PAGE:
The Witness to an Orthodox Society

Venerable Isidore of Pelusium

Beloved brothers and sisters in Christ Our Only True God and Our Only True Savior,


Enable us, O Lord, to pass this night without sin. Blessed are You, O Lord God of our fathers, and praised and glorified be Your Name forever. Amen. Let Your mercy, O Lord, be upon us as we have set our hope on You. Blessed are You, O Lord, teach me Your statutes. Blessed are You, O Master, make me to understand Your Commandments. Blessed are You, O Holy One, enlighten me with Your precepts. Your mercy, O Lord, endures forever. Do not despise the works of Your hands. To You belongs worship! To You belongs praise! To You belongs glory! To the Father and to the Son and to the Holy Spirit, now and ever and unto ages of ages. Amen.


On February 4th Our Holy Orthodox Christian Church commemorates, honors and entreats the holy intercessions of the following Saints, Forefathers, Fathers, Patriarchs, Prophets, Apostles, Preachers, Evangelists, Martyrs, Confessors, Ascetics, Teachers and every righteous spirit made perfect in faith: Saint Isidore of Pelusium; Saint Nicholas the Confessor; Saint Avramios, bishop of Arbela; Saint Lucius, bishop in Africa; Holy Martyrs Jadorus and Isidore; Saint John of Irenopolis; Holy Martyr Theoktistos; Saint Iasimos, Wonder-worker; Saint George, Prince of Vladimir; Saint Joseph of Aleppos (1686); Abraham of Pechenga; Saint Coprius of Vologda; Saint Evagrius of Tsikhedidi; Saint Shion of Mgvime; Saint Cyril of New Lake.

OUR HOLY FATHER ISIDORE OF PELUSIUM. Saint Isidore was an Egyptian, the son of eminent parents and a kinsman of the Patriarchs of Alexandria Theophilos and Cyril. Completing his secular studies, he renounced his riches and worldly standing and gave himself wholly to the spiritual life for the love of Christ. He was a great and ardent interpreter and defender of the Orthodox faith. The historian Nicephoros states that Saint Isidore wrote more than 10.000 letters to various people, in which he reprimanded one, advised another, consoled a third, instructed a fourth. 'It is more important to be proficient in good works than in golden-tongued preaching', he writes in one letter. In another, he says, 'If a man (person) wishes his virtues to appear great, let him regard them as small and then they will be truly shown to be great.' The first and fundamental rule for Saint Isidore was: first do and then teach, after the example of the Lord Jesus. At a time when Saint John Chrysostom was undergoing persecution and the whole world was divided into two camps, one for and one against this great pillar of Orthodoxy, Saint Isidore stood on the side of Saint John Chrysostom. He wrote to Patriarch Theophilos, saying what a great light Saint Chrysostom was in the Church and begging that the hatred of him should cease. He lived long and labored greatly, glorifying Christ the Lord in his life and his writings, and entered into the Kingdom of Christ in about the year 450 A.D.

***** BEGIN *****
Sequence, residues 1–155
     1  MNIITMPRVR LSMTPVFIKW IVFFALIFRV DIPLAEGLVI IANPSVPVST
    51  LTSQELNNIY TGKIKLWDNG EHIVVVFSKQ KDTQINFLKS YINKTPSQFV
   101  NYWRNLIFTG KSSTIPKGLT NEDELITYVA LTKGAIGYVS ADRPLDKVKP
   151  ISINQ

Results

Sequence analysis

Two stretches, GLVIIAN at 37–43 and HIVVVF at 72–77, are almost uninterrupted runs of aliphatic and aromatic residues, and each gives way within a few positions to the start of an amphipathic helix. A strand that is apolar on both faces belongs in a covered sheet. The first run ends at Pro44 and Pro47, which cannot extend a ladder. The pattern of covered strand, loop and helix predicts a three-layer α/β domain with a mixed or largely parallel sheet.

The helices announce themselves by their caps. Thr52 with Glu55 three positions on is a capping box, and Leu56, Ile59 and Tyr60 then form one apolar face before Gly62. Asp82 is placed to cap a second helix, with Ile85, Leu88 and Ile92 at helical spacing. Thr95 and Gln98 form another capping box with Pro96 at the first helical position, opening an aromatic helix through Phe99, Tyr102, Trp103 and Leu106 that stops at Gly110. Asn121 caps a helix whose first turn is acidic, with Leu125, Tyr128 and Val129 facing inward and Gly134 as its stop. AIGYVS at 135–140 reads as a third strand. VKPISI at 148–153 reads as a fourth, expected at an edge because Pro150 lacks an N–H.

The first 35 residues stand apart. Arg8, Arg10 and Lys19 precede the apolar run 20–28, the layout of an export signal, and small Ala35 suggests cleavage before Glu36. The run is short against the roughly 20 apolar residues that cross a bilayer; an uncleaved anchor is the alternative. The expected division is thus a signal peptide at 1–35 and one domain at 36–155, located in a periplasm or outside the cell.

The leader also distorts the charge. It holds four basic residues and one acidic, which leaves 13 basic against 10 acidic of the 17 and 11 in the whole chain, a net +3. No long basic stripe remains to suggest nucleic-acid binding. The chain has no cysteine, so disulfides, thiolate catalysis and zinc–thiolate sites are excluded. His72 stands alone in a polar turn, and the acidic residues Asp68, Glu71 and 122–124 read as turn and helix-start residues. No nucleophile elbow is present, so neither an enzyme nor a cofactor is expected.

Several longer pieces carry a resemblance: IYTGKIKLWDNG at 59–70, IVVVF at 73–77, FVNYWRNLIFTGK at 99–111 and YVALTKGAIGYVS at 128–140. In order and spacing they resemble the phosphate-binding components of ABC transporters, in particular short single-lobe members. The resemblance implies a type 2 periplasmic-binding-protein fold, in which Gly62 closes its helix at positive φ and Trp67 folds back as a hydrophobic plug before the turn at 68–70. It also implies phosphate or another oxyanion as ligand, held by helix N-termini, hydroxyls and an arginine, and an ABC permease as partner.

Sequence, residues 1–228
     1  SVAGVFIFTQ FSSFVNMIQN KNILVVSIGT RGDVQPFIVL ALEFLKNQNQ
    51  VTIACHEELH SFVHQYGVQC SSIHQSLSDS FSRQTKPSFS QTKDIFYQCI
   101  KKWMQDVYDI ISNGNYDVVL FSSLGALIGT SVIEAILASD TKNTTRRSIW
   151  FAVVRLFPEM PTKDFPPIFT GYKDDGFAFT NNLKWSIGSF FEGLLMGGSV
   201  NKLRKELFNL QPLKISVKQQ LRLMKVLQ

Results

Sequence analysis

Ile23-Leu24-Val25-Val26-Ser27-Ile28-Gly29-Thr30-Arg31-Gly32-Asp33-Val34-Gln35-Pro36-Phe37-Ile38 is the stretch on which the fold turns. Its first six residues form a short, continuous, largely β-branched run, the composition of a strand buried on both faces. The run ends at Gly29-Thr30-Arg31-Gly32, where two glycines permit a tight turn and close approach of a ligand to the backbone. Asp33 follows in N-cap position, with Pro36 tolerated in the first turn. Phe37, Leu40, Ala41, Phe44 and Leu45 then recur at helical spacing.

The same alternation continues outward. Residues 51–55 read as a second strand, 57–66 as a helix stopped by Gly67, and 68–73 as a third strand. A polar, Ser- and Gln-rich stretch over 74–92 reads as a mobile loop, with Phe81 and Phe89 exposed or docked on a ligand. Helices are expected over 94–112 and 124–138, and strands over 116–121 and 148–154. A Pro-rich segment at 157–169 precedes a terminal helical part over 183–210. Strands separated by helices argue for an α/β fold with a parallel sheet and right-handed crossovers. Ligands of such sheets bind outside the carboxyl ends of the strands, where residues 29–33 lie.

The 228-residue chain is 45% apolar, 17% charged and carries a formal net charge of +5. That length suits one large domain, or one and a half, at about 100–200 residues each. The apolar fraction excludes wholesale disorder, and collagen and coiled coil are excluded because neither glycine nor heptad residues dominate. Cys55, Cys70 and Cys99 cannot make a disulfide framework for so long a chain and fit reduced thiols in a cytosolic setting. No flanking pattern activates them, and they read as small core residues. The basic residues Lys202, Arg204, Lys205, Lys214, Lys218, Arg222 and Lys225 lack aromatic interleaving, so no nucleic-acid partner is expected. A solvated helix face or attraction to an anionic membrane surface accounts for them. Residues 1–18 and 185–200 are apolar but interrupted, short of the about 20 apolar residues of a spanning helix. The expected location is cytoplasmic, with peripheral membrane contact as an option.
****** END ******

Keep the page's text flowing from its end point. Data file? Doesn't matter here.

+By the holy intercessions of Your Saints and Holy Confessors, O Christ Our God, have mercy on us and save us. Amen.


Holy Epistle Lesson: Hebrews 11:17-31
Holy Gospel Lesson: St. Mark 5:24-34


"The sweetest Name of Jesus, repeated continuously, and with compunction, and with desire and faith, in the depth of the heart, lulls all bad thoughts" (Saint Nikodemos the Hagiorite)

by Archimandrite George Capsanis, Egoumenos [Abbot] of the Monastery of Osiou Gregoriou, Mt. Athos.

The Holy Mountain bears witness to the hidden life in Christ. At the same time, its testimony is to the evangelical manner of organizing life in society. This is no paradox. In a very essential way, interior life is also social life, since through it a man (person) truly communicates with God and with his fellows. As we read in the Acts of the Apostles: "And all that believed were together and had all things in common, and sold their possessions and goods and parted them to all men, as every man had need. And they, continuing daily with one accord in the temple, and breaking bread from house to house, did eat their food with gladness and singleness of heart, praising God and having favor with the people" (Acts 2:44-47).

This blessed common society of the Jerusalem Christians still continues, by grace of God, in the common-life Monasteries which form the foundation of Monasticism on Mount Athos. Here the monastic tables are set daily with love not only for the monks, but also for the flood of pilgrims and visitors who come to the holy places. This occurs only on Mount Athos, and it occurs because of the sacrifice and labor of the brothers. Here we divide our spiritual and material goods with our brethren in the Name of Christ. You will find that on Athos the Church is not a closed circle where others have no place, but rather as it appears on the icon for the feast of Pentecost, an open hemisphere, a welcoming embrace, which invites and has room for all the world.